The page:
Motorsports Column: Roger Diez
Fans of off-road racing, you should check out the Fireworks 500 today at the Tahoe-Reno Motorplex.
Sanctioned by the High Desert Racing Association, it is being billed as the longest off-road race in the United States. The Motorplex is located near the Tahoe-Reno Industrial Center, off USA Parkway east of Sparks on Interstate 80. The course itself is 118 miles long, but built in a cloverleaf configuration so spectators can see the cars several time each lap from a graded level plateau that overlooks the pit area. Organizers plan to hold several races per year at the Motorplex. Scheduled start time for the race was at either seven or nine o’clock this morning, according to different sources. But with 500 miles to run you still have plenty of time to get out there and catch the action, which could go into the wee hours of Sunday morning.
If you’re not up for such a long day, head a little farther east to Fernley 95A Speedway and take in some good old fashioned stock car dirt track racing. Spectator gates open at 3 p.m., and racing starts at six.
Speedway Motorsports Corporation CEO Bruton Smith has weighed in again, proposing that NASCAR throw a caution flag whenever a long green flag run makes a race too “boring.”
Smith recently tore up the paving at his Bristol track to eliminate the progressive banking that led to two and three-wide racing. It appears the fans preferred the old style “crash and bang” racing that was the Bristol trademark for many years. Which brings up the question, is racing a sport or a show? Being a purist, I much prefer that it remain as much a sport as possible, which is why I am a fan of local stock car racing, Formula 1, Indycar, and other forms of racing. To me, NASCAR has already gone too far down the WWE road with cautions for everything from a simple “spin and continue” to questionable “debris”.
At Fernley 95A Speedway, flagman Kenny Newberry holds the caution flag for a simple spin until it’s apparent that the car won’t get back underway before the leaders get back around. That may penalize the driver who spun, but isn’t avoiding mistakes what sport is about?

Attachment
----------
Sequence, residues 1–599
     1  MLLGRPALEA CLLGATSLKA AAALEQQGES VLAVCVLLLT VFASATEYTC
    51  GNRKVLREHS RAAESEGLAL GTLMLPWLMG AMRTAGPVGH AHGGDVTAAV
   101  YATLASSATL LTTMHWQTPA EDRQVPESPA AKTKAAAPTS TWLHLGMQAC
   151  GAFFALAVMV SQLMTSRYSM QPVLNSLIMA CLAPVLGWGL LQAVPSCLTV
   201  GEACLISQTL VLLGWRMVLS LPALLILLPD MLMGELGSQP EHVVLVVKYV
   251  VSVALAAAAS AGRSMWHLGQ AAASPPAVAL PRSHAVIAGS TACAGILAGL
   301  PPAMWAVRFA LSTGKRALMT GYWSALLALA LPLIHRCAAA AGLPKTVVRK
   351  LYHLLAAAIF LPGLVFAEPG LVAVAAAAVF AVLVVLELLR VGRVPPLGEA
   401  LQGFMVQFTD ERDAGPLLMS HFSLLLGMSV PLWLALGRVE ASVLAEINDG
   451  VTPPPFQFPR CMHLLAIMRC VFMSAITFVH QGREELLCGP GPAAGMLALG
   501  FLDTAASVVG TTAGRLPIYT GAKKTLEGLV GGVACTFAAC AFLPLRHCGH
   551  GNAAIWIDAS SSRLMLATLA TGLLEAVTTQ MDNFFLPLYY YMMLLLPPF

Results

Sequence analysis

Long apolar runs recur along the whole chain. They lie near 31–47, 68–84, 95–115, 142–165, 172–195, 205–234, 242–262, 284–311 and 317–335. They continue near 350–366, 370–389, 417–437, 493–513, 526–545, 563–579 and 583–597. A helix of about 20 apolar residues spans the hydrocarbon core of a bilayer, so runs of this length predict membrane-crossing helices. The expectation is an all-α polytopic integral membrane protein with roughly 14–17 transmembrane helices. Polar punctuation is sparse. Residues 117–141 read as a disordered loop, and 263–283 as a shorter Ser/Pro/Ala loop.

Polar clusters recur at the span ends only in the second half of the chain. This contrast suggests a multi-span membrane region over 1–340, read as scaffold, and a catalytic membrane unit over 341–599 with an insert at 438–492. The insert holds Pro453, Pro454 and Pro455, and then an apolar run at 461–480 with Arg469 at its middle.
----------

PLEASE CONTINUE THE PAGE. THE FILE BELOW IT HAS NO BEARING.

And most road-racing bodies use a “local yellow” flag at the site of a spin or accident unless it’s apparent that safety demands a full-course caution. Of course, NASCAR does the same thing on road courses as they do at ovals, with a full-course caution for just about any incident. NASCAR has made some good decisions (the double-file restart and the wave-around) and some so-so ones (the green/white/checker) in recent years, but both NASCAR CEO Brian France and President Mike Helton have called Smith’s proposal “nonsense.”
If you’re not going out to either of the local racing venues this evening, the NASCAR Sprint Cup is at Daytona for the Coke Zero 400. Since I’ll be announcing at Fernley 95A Speedway tonight, I’ll have to watch it on the DVR later. Roush Ford driver (for now) Matt Kenseth is on the pole, his first ever pole start at Daytona, with defending Sprint Cup champion Tony Stewart alongside. However, with the draft being the key to winning at Daytona, pole position is not necessarily a good predictor of race performance. As Brad Keselowski said in an interview after his qualifying run that track position at the start doesn’t mean anything by the time you’re halfway down the back straightaway.
I hope my DVR holds up, since the Formula 1 British Grand Prix on FOX and the Toronto IndyCar race on ABC are opposite each other Sunday morning. Fortunately, it is supposed to be really hot, so I won’t feel too guilty sitting in the air conditioning watching races instead of doing yard work.